Hoops notes: Izzo 'actually moved' by team, student support for sex assault survivors
Tom Izzo has celebrated one social movement with his team, now the Spartans are celebrating another.
All season long, MSU has worn black T-shirts with block white text that read, “We Talk, We Listen” across the front and “It’s Not About Me, It’s About Us” on the back to silently protest current social inequalities and, as Izzo said during MSU’s media day, “inspire others to have conversations.”
The No. 5 Spartans hung up those shirts prior to their 76-68 win against Penn State on Wednesday night. Instead, they pinned teal ribbons to their warm-up suits for the survivors of sexual abuse from ex-MSU doctor Larry Nassar. Nassar has been convicted sexually abusing more than 140 girls and women under the guise of medical treatment.
The team missed the memo last Friday at the Breslin Center, when the lower bowl of the IZZONE all wore teal shirts during the team’s 76-61 win against Wisconsin. Sophomore point guard Cassius Winston said these pins will stay with the team all season, as a chance to make up for the university’s wrongdoing.
“We kind of missed that opportunity to show that we support, and our heart goes out to the survivors,” Winston said. “This is our chance to show that we do care. And we’re also reaching out to them.”
It’s unclear if the “We Talk, We Listen” shirts are officially retired by the team, but Winston was adamant the message the shirts portray will never die.
“We had our ‘We Talk, We Listen’ shirts, which we still stand behind, for sure,” Winston said. “We definitely still stand behind that, but different situations came up. Different things out of our control came up, but it’s another situation we can stand for.“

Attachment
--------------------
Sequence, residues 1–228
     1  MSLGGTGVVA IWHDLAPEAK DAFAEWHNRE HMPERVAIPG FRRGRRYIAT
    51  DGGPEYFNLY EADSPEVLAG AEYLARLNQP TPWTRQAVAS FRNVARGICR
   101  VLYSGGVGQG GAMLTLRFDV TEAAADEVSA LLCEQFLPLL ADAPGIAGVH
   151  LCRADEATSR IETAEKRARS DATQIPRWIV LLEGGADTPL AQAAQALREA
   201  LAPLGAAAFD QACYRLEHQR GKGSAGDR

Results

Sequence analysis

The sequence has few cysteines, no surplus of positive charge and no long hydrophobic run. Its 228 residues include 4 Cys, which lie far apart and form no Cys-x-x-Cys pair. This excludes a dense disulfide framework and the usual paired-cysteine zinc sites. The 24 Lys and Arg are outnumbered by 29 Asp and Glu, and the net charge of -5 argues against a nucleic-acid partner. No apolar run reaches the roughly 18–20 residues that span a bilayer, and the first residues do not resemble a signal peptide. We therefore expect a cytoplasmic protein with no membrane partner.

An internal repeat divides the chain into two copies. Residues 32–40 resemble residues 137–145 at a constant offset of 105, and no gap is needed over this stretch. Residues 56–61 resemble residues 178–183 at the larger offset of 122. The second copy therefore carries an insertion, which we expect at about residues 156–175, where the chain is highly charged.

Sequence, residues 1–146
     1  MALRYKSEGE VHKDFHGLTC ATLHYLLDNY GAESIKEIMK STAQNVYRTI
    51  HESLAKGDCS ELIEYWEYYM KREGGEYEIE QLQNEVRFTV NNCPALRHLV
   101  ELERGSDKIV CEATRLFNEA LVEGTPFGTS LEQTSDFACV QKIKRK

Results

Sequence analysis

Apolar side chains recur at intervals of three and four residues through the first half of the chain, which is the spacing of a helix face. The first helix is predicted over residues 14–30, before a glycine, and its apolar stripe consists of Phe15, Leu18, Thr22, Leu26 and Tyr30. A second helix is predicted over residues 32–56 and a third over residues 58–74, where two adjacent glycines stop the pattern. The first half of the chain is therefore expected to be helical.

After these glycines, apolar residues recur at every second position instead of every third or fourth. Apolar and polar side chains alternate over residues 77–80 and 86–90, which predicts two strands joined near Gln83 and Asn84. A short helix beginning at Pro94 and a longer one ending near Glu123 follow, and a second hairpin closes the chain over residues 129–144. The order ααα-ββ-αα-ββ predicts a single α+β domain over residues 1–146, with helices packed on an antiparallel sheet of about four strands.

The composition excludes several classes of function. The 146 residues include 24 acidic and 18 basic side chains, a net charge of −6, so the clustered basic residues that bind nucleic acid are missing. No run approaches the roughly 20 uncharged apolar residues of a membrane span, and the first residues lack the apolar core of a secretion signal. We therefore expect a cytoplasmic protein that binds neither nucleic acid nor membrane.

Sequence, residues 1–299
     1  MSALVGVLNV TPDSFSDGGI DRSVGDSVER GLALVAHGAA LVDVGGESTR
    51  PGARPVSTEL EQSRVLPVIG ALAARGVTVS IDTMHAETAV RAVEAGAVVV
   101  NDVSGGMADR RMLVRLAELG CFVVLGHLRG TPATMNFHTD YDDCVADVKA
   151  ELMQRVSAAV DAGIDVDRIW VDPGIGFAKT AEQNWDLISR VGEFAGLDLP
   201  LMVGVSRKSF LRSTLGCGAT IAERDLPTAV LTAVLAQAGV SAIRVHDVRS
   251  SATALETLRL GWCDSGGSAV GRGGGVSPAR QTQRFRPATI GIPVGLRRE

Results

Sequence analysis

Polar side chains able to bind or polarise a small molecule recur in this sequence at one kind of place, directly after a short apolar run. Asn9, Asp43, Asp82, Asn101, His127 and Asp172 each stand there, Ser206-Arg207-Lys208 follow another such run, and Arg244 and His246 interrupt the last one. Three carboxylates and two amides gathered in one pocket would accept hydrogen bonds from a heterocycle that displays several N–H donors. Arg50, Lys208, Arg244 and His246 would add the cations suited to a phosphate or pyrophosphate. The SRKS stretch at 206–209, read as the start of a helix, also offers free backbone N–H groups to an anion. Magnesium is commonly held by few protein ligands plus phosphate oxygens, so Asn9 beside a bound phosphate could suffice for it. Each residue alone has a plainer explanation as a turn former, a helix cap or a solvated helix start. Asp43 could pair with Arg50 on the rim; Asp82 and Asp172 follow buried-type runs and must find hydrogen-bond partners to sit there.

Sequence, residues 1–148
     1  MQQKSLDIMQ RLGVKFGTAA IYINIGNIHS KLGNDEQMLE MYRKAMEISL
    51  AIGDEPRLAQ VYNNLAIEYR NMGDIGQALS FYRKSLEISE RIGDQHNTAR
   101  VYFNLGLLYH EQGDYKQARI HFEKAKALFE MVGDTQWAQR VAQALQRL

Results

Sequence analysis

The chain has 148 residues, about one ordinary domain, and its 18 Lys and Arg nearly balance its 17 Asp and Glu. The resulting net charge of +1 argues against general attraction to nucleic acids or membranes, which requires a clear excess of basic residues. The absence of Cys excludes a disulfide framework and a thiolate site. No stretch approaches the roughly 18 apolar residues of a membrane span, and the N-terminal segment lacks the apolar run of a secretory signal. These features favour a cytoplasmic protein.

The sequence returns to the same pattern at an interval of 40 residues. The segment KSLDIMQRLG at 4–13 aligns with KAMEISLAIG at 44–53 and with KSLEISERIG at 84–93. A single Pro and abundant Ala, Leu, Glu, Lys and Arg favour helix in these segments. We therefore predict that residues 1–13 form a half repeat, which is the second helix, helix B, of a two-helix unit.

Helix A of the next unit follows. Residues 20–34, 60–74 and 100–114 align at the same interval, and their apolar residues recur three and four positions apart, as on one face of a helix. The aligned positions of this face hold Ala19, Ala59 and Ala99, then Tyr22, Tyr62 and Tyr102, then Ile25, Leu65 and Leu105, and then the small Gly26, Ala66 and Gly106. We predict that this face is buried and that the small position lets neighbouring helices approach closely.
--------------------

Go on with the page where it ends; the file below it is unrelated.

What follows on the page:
Izzo said he wanted to thank the fans for helping start the movement on campus, because he’s proud of the response the Spartans have shown.
“I was amazed how impressed Cassius Winston, Miles (Bridges), Tum (Nairn Jr.), some of those guys were,” Izzo said. “I was actually moved by how powerful it showed our support for the survivors. And those guys talked about wanting to be a part of it.”
Since Nassar’s conviction, Izzo said he’s wanted to be a part of the healing process in any capacity. When asked if he’d let survivors of Nassar’s abuse meet the team, he said, “we’re open to doing anything that helps the healing process to be honest with you. And, but yet there’s so many things that have to take place before that. You know, whatever they need, we’ll do.”
For the remainder of the season, Winston said the Spartans will dedicate their effort on the floor to the survivors, so they can unite students back to the university.
“I feel like the university is looking for a positive light,” Winston said. “That’s just the situation we’re in right now. What better way than the platform we’re on? We’re not just playing for ourselves right now, we’re playing for the survivors, we’re playing for the university, we’re playing for the students of the school.”
Time and place: Though Izzo said his team will do anything to accommodate the survivors of Nassar’s abuse, he declined to comment on any issue regarding ESPN’s investigative report, suggesting a culture of sexual assault and violence is prevalent among MSU athletics.
He was asked if he believed in the statement made by former player and coach Travis Walton, who denied allegations of punching a woman in an East Lansing bar in January 2010 and participating in a gang rape months later.
Izzo also wouldn’t answer if he was receiving any legal counsel, but said he has, and will, cooperate with any investigation into his program.
“I think that there will be a time when I get to speak, but it isn’t right now,” Izzo said. “There’s too many things going on and, with the survivors and everything, so I’m going to just stick to my guns and tell you that I still have great support for the survivors, but I’m just not going to have any comment on this whole situation.”